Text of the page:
We had to relisten to several parts of the conversation many times. It was so rich, so full of nuance, and contained so much wisdom. We knew we had to write about it before winter was over here in Pennsylvania, where we live.
This rich conversation appeared on the On Being podcast hosted by Krista Tippett and featuring her conversation with British author Katherine May. They spoke about a season “not just in nature, but in life,” about the winter which is not just colder, darker, and bleaker than any other season, but something much more.
The January 2021 dialogue captured our attention and wrapped around our souls, evoking truths we deeply believe and hold.
We both love listening to On Being each week, often on Sundays. It’s a Sunday kind of offering; a quieter, more contemplative podcast than most, touching on the spiritual and burrowing more deeply into the heart of the human experience.
The episode’s title drew us in more closely. Wintering. Winter is the most restless season for both of us. The letdown after the holidays, the lack of abundant sunshine, the need to brace against often freezing temperatures, and the diminished time we are able to be outdoors can all make the season seem so much longer than the rest. Its barrenness where we live can also feel stark and forbidding.
Katherine May’s book, Wintering: The Power of Rest and Retreat in Difficult Times, presents a different perspective on not just the natural season of winter but the sadder, more fallow and difficult seasons of our lives emotionally, physically, mentally, spiritually, and relationally. She and Krista Tippett explored the “storm clouds over our heads,” inviting us to change “how we relate” to times of hardship that inevitably come to us all.
Katherine May invites us to actively accept sadness when we feel dormant, less alive, unproductive, stagnant, or cold. She encourages us to care for and repair ourselves when life knocks us down. She reminds us that plants and animals don’t fight the winter — they prepare for it, adapt to it, and metamorphosize to survive it. She equates it not to death, but to a crucible in which we can reflect, recuperate, and replenish; a time to put our “house in order”. She declares wintering as essential to our well-being and growth; to our health and contentment.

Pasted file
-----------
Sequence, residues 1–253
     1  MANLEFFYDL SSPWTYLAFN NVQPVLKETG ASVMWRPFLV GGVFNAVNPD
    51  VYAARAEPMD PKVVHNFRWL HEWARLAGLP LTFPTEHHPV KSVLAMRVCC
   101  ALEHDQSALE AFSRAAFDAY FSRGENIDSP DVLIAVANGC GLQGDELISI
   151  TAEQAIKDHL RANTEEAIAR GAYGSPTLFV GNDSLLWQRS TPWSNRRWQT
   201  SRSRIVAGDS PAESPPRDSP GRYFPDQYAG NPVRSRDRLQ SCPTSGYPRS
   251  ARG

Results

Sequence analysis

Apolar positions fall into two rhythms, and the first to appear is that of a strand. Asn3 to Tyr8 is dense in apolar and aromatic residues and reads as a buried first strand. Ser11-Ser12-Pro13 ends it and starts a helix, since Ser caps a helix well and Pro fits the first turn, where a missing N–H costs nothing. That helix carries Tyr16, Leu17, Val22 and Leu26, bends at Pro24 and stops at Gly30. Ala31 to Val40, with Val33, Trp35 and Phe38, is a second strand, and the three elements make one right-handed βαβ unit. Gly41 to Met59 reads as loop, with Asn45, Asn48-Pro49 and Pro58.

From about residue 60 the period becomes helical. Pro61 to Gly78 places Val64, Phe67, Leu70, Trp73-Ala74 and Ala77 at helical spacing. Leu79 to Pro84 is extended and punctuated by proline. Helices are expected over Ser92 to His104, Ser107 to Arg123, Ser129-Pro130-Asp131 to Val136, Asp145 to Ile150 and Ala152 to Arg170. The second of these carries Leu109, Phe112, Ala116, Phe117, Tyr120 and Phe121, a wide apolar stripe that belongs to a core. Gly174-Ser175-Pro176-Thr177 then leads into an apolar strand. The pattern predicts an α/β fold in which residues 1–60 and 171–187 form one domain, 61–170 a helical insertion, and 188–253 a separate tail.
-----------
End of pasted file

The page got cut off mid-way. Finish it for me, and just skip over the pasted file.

When death robs us of someone we dearly love, when a job goes sour, when a cherished relationship derails, when pain takes over our lives, when disappointment crushes, May encourages us to embrace the sadness and grief, to invite them in and sit with the feelings for a while. They will not last in their intensity. We need to let sadness be real sometimes, acknowledge it, allow it, and support one another through it. We need to be there for each other.
Respect unhappiness, she teaches.
She reassures us that it is instructive; it has a function. “It tells us something is going wrong.” We need to acknowledge those seasons. Therein lies the beginning of healing.
This book excerpt that May red upon Tippett’s urging resonated deeply with us:
“We need friends who wince along with our pain, who tolerate our gloom, and who allow us to be weak for awhile while we’re finding our feet again. We need people who acknowledge that we can’t always hang on, that sometimes everything breaks. Short of that, we need to perform those functions for ourselves. To give ourselves a break when we need it and to be kind. To find our own grit in our own time.”
To sit with them in their pain, to walk with them in their distress, to accompany them on the pathway to greater hope and light.
Already, as we approach the end of February, glimmers of spring approach. More light pours through our windows each day. More birds sing each morning. The snow that we received so much of this year after several years of very little is melting considerably, and the temperatures have inched up into the 50’s a day or two, by now. We see signs that winter’s harshest days are coming to a quickening end. For winter will not last in its intensity.
This past year has been a time of wintering for all of us, no matter where we live. The many disruptions caused by the pandemic, the reckonings of long-established racial discrimination, the devastating economic losses, and the toxic political climate have all contributed to an intensely lengthened wintering season all around the world. We’ve desperately been trying to survive this unwelcome darkness and coldness in our midst.
How can we use this extended season to create new ways of relating, connecting, and nurturing one another?
At the end of their conversation, Katherine May reads from her book,
“I asked myself what’s this winter all about? I asked myself, what change is coming?”
We ask it with her, too.